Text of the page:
Are you ready for some Tebow?
After months of anticipation, the Jets open the fourth season of the Rex Ryan era Sunday against the Bills. The last time we saw them in a real game was New Year's Day, and they were fighting among themselves in Miami. The team hasn't changed much since then, but the attitude is better (so they tell us) and they have Tim Tebow as their backup quarterback/Wildcat quarterback/personal punt protector/publicity stunt. (Joe Namath made me add the last one.)
Here's a breakdown of Jets-Bills:
1. Where's Tim? It wouldn't be a surprise if Tebow gets on the field for 18 to 20 snaps, counting offense and special teams. The most drama, of course, involves the Wildcat. They're capable of using Tebow in any number of ways, but they're counting on his running/improvisational ability to spark an offense that managed only one touchdown in the preseason. Look for Tebow in the red zone and in short-yardage situations, another bugaboo from the preseason. At times, QB Mark Sanchez will come off the field. They won't hesitate to let Tebow throw. If he gets a zero-coverage look -- no safety in the deep middle -- Tebow will let 'er rip.
2. Super Mario. RT Austin Howard makes his second career start. In his first start, a meaningless game for the Eagles in 2010, he had to block the Cowboys' DeMarcus Ware -- and he allowed two sacks. This time, Howard gets DE Mario Williams -- another killer. What's next, an old-timer's matchup against Deacon Jones? There's a lot riding on Howard vs. Williams -- the game and GM Mike Tannenbaum's reputation as a talent evaluator. Howard might surprise. He's a powerful man and could neutralize Williams' bull rush. But Williams is remarkably quick off the ball for a 292-pound man and he will cause problems with his outside rush. Tony Sparano can't leave Howard on an island or it could wreck the game.
3. Marksman. The Jets, no doubt, will look to establish their ground game, but Sanchez can't ignore the Bills' young corners, Aaron Williams and rookie Stephon Gilmore. They like to play aggressive, press coverage, so it'll be critical for Santonio Holmes and rookie Stephen Hill to beat bump-and-run at the line. Sanchez will go after Gilmore, especially if it's a Gilmore-Holmes matchup. Gotta keep Holmes happy; they don't want a repeat of last season. If Sanchez gets time, he should be able to do some damage. In his last four games against the Bills, he has eight TD passes, only two INTs.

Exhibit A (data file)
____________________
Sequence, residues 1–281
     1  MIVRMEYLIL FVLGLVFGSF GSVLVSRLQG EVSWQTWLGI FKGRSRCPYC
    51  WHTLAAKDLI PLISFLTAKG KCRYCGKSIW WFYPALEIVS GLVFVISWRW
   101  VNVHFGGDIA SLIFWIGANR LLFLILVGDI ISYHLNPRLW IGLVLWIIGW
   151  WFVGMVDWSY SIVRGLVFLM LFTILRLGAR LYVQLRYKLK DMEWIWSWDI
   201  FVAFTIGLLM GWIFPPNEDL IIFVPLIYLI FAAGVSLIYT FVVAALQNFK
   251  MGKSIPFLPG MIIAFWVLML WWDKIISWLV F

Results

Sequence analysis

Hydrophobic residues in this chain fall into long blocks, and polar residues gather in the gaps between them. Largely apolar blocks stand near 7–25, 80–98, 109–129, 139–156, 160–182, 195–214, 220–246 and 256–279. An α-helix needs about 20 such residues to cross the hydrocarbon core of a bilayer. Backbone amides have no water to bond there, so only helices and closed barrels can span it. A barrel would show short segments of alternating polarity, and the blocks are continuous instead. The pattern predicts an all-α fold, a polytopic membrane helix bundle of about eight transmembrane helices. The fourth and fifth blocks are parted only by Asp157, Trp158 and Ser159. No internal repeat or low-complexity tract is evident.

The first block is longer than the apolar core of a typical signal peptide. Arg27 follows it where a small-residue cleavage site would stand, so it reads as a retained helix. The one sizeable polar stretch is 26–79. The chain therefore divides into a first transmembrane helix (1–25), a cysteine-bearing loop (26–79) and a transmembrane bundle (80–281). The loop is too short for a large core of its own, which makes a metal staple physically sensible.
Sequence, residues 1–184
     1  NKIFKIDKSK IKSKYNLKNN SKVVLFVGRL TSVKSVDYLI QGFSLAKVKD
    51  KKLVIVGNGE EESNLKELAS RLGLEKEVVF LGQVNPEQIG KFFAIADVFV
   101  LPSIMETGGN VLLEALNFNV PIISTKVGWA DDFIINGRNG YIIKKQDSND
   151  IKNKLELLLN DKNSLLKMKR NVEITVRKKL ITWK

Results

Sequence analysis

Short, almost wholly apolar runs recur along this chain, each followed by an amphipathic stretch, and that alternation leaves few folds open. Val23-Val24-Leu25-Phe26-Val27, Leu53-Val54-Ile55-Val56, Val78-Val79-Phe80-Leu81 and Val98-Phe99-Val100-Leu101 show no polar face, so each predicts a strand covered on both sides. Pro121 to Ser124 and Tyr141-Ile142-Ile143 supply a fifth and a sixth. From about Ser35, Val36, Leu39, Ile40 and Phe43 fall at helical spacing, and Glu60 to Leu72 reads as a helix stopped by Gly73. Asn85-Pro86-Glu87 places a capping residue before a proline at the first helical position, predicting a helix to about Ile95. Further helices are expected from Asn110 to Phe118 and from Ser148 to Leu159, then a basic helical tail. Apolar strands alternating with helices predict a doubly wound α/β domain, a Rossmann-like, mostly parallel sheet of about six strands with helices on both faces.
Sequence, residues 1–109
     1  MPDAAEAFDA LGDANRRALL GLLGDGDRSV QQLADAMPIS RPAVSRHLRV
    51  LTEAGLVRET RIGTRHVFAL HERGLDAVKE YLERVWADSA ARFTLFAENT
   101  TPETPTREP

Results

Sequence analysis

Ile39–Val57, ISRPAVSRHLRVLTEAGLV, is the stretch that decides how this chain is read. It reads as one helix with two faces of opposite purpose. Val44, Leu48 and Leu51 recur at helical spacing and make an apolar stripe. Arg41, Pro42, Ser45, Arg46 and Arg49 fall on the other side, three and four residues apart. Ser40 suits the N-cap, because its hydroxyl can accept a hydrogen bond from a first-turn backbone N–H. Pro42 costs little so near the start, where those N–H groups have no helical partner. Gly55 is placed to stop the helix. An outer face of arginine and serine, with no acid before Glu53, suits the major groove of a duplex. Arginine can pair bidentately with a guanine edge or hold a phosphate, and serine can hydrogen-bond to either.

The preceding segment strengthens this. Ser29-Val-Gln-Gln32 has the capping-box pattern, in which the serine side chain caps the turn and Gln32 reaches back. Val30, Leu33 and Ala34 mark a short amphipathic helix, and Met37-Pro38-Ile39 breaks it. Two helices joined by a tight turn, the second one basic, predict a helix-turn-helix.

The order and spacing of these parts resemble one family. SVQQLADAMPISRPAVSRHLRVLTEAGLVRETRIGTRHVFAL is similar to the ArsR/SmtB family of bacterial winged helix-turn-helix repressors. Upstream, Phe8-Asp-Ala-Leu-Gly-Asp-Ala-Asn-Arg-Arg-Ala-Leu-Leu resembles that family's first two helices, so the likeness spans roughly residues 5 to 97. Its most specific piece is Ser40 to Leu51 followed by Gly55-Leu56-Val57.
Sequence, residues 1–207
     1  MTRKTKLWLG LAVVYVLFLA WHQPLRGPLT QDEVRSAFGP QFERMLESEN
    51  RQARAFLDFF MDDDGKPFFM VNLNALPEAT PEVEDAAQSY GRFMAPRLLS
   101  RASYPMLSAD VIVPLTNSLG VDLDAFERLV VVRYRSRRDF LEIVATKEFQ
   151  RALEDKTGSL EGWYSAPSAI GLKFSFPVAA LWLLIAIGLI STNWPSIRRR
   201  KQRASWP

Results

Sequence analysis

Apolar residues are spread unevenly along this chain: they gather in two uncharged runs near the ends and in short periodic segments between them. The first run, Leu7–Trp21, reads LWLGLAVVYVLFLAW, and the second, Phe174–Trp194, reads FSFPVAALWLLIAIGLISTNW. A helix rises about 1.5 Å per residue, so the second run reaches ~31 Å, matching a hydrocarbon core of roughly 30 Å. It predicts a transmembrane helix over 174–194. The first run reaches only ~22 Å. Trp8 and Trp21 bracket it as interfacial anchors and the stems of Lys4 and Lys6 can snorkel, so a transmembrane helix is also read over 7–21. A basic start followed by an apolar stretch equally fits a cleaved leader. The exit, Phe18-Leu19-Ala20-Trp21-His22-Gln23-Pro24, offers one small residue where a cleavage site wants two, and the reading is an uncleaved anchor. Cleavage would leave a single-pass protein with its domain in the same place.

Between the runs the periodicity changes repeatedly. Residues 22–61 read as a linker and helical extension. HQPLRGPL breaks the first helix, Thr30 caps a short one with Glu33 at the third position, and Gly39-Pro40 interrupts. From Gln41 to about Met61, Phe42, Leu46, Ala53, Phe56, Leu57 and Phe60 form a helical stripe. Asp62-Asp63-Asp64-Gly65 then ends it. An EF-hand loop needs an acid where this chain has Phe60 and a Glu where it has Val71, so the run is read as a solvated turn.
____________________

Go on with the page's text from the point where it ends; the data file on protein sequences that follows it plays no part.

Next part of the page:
4. A return trip to the island. You think Darrelle Revis will be motivated for this game, or what? He'll see a lot of Stevie Johnson, who enhanced his reputation last season with two good, but hardly great games against Revis -- a total of 11 passes for 159 yards and one TD. The Jets say Revis won't be matched exclusively against Johnson, but we'll see. By far, he's their No. 1 threat in the passing game. It makes sense to put Revis on him and let everyone else key on RB Fred Jackson, the cog in the Bills' AFC-leading rushing attack.
5. The oh-no-huddle. The Jets expect to see the no-huddle from the Bills. Makes sense. In their first preseason game, the Bills went no-huddle and didn't run the ball for the entire first quarter. This poses two potential problems for the Jets, who struggled last season against no-huddle attacks: Obviously, conditioning could be an issue, especially in the September heat. Secondly, it could allow the Bills to exploit certain matchups, especially if they use Jackson and RB C.J. Spiller at the same time. Spiller, who has receiver-quality skills, can split out -- and that would be a real headache for the Jets, whose linebackers and safeties have trouble in space.